How Entrepreneurship is Like Climbing a 14er
Tim and I have made it a goal of ours to hike at least one 14er a year. I wasn’t sure if we were going to get one in during 2018, but luckily, my parents were able to watch the kids and the weather cooperated. Plans were made and we hopped in the van with all our hiking gear and headed for Mt. Bierstadt. This is the last one of the easy five 14ers we wanted to do before tackling more technically challenging summits.
The hike went well. I only felt like I might lose my fingers once, and for the most part, we kept a good pace and had a great time talking about life. We got our Christmas lists figured out, planned several family adventures, and reconnected after months of chaos and busyness. We needed this.
This hike gave me more than re-connection, however. I believe the Creator granted me a natural example of what it looks like to embark upon the path of entrepreneurial work. Here’s how hiking our latest 14er relates to entrepreneurship:
Trail head energy and excitement--
Every time Tim and I start on a new 14er, we are excited and filled with anticipation. We have spent time learning about the trail and what to expect, we have packed accordingly, and we can see the summit in the distance. It’s thrilling. Starting on the path of building a business is so similar. You plan, you anticipate, you talk up your idea, people get excited alongside you. It’s new. It’s an adventure. You are so ready for this!
Self Doubt and Loss of Resolve--
You will want to turn around at several points. The first couple miles below treeline are usually really pleasant. You’re moving and working, but it doesn’t feel that difficult. Then, you start to hit higher elevations and tougher ascents. All of a sudden, you’re breathing hard with each step, you have to take more breaks. Above treeline, the wind start to burn your face. It’s getting much harder now and you start to question your resolve and your abilities….”can I do this?” “why am I doing this?” “this is too hard...maybe another time….” “this isn’t fun anymore…” For those who have been in business for awhile, you know this point. You know the mind games that occur when things start getting hard and “unfun.” If you haven’t experienced this yet, you will and it’s just good to know it’s coming. Entrepreneurship is a roller coaster ride of emotions. Good and bad.
lmportance of Companionship--
when you are hiking something as challenging as a 14er, it is best not to go alone, same with running your own business. I’m not suggesting you go into business with a friend (that’s actually a really bad idea…), but make sure you have understanding, supportive family and friends that can walk alongside you while you climb. You will need folks to bounce ideas off, someone to console you if things aren’t working, and someone who can look you in the eye and speak truth to you. Not just truth about reality, but deep truth about your identity. Someone who will say, ”You can do this, I believe in you.”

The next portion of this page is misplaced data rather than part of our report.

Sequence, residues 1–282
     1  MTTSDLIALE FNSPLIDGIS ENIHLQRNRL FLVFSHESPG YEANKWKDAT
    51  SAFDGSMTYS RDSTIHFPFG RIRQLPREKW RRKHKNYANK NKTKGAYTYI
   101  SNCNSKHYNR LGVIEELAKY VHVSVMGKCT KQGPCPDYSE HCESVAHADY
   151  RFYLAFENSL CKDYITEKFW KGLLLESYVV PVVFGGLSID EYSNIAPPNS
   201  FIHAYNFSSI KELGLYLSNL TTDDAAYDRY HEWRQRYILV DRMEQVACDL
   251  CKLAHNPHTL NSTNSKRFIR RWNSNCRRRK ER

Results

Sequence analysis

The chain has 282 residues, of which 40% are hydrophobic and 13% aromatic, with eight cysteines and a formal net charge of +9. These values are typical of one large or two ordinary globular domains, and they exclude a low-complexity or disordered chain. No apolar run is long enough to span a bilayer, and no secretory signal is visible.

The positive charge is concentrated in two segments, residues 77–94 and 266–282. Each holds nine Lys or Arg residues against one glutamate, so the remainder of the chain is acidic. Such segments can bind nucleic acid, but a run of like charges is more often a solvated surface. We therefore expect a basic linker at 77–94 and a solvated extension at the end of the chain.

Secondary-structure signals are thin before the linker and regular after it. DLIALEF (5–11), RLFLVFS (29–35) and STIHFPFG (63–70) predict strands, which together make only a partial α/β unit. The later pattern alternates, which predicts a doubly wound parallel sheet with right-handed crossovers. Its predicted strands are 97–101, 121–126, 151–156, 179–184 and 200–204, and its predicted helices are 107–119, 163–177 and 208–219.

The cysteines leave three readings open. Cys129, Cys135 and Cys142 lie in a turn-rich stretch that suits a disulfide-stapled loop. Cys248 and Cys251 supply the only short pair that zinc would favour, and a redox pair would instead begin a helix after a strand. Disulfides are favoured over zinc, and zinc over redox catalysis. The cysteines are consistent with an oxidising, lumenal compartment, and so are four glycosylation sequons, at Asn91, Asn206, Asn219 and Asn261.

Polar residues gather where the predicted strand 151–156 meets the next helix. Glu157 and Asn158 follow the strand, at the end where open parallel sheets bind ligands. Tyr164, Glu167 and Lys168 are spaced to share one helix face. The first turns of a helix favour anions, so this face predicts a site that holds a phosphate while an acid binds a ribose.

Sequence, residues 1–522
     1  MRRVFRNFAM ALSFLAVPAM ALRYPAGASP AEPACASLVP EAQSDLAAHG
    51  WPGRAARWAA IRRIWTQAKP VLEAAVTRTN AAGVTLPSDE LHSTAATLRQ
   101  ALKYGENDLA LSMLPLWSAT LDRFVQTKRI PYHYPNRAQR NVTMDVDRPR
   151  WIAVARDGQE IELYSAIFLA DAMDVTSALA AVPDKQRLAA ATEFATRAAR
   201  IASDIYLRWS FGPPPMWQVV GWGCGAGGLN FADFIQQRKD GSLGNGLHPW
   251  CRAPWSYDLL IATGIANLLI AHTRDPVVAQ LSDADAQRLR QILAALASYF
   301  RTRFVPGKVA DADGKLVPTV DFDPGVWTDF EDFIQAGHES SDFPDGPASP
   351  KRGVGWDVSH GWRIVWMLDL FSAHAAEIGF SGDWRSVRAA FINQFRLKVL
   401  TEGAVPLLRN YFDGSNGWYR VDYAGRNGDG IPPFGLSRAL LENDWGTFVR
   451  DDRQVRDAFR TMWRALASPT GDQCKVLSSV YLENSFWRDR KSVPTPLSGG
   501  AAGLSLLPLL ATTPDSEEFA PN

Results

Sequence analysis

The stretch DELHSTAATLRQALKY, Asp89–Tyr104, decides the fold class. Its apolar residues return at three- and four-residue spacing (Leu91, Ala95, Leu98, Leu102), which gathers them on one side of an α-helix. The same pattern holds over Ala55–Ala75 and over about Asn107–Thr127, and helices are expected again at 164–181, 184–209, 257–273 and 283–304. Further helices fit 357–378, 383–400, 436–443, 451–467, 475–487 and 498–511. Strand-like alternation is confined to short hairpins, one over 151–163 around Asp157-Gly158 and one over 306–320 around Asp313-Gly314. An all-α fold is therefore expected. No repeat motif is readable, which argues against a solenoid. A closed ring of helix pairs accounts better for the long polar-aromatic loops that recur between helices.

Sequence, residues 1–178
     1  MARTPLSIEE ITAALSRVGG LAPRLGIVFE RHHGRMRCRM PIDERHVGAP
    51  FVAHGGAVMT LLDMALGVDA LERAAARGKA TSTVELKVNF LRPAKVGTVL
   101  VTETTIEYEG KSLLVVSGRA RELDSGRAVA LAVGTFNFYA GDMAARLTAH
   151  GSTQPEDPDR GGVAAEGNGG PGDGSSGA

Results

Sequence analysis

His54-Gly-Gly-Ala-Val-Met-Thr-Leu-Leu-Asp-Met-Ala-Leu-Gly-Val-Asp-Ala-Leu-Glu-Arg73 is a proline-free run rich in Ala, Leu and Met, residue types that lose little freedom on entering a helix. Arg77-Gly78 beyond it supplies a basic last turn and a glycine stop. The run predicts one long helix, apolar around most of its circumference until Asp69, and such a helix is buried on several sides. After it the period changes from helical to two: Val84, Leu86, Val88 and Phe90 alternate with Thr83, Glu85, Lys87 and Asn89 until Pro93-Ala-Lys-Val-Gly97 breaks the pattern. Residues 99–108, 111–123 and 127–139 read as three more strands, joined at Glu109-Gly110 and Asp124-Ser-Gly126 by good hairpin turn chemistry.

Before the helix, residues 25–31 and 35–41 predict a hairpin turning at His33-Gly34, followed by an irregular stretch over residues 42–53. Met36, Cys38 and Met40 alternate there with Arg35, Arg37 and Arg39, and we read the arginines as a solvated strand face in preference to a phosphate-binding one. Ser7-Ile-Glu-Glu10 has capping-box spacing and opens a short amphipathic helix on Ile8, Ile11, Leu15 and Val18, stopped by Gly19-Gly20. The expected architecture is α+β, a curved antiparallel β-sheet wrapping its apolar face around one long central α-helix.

Flexibility and Adjustments --
At the beginning of our hike, we started with coats, gloves, etc. After hiking for awhile, we started to get warm and needed to adjust our gear. Then, as we got higher and the wind picked up, we had to adjust again. We were changing our clothes about every hour and we would set goals for ourselves..."let’s try to make it to that next cairn and then we will take a break"….sometimes we would go further and sometimes we wouldn’t make it to the cairn before needing to rest. 14ers push you to your limits. You can plan and be strategic (very good things), but you need to be flexible and adjust as you go. Same with entrepreneurship. Maybe the market changes, maybe a sponsor drops out, maybe an amazing opportunity comes that you weren’t expecting. Be willing to adjust. It’s crucial to survival in hiking and business.
Possibility of Failure--
Every time we start a hike, Tim looks me in the eye and asks…”are you going to be ok if we have to turn around and can’t finish this hike?” He knows me all too well. He knows that not finishing something I’ve set out to do feels like absolute death to me. It’s taken years and years for me to be ok with failure. I still struggle with it, but I’ve made a lot of progress. On hikes, weather changes quickly and might make finishing your hike impossible. Sometimes, your body just gives out, or an injury happens or you don’t have the right gear. These things happen. The same can be said for grand, entrepreneurial ideas. Sometimes they fail, but that doesn’t mean you are a failure. You accept the situation and let yourself know that you aren’t done and you’ll try again soon. And take that failure and learn from it. Don’t let it be a wasted experience. Find out what you should do differently next time.
What do you think? I would love to hear your thoughts and how you've experienced these similarities in other ways.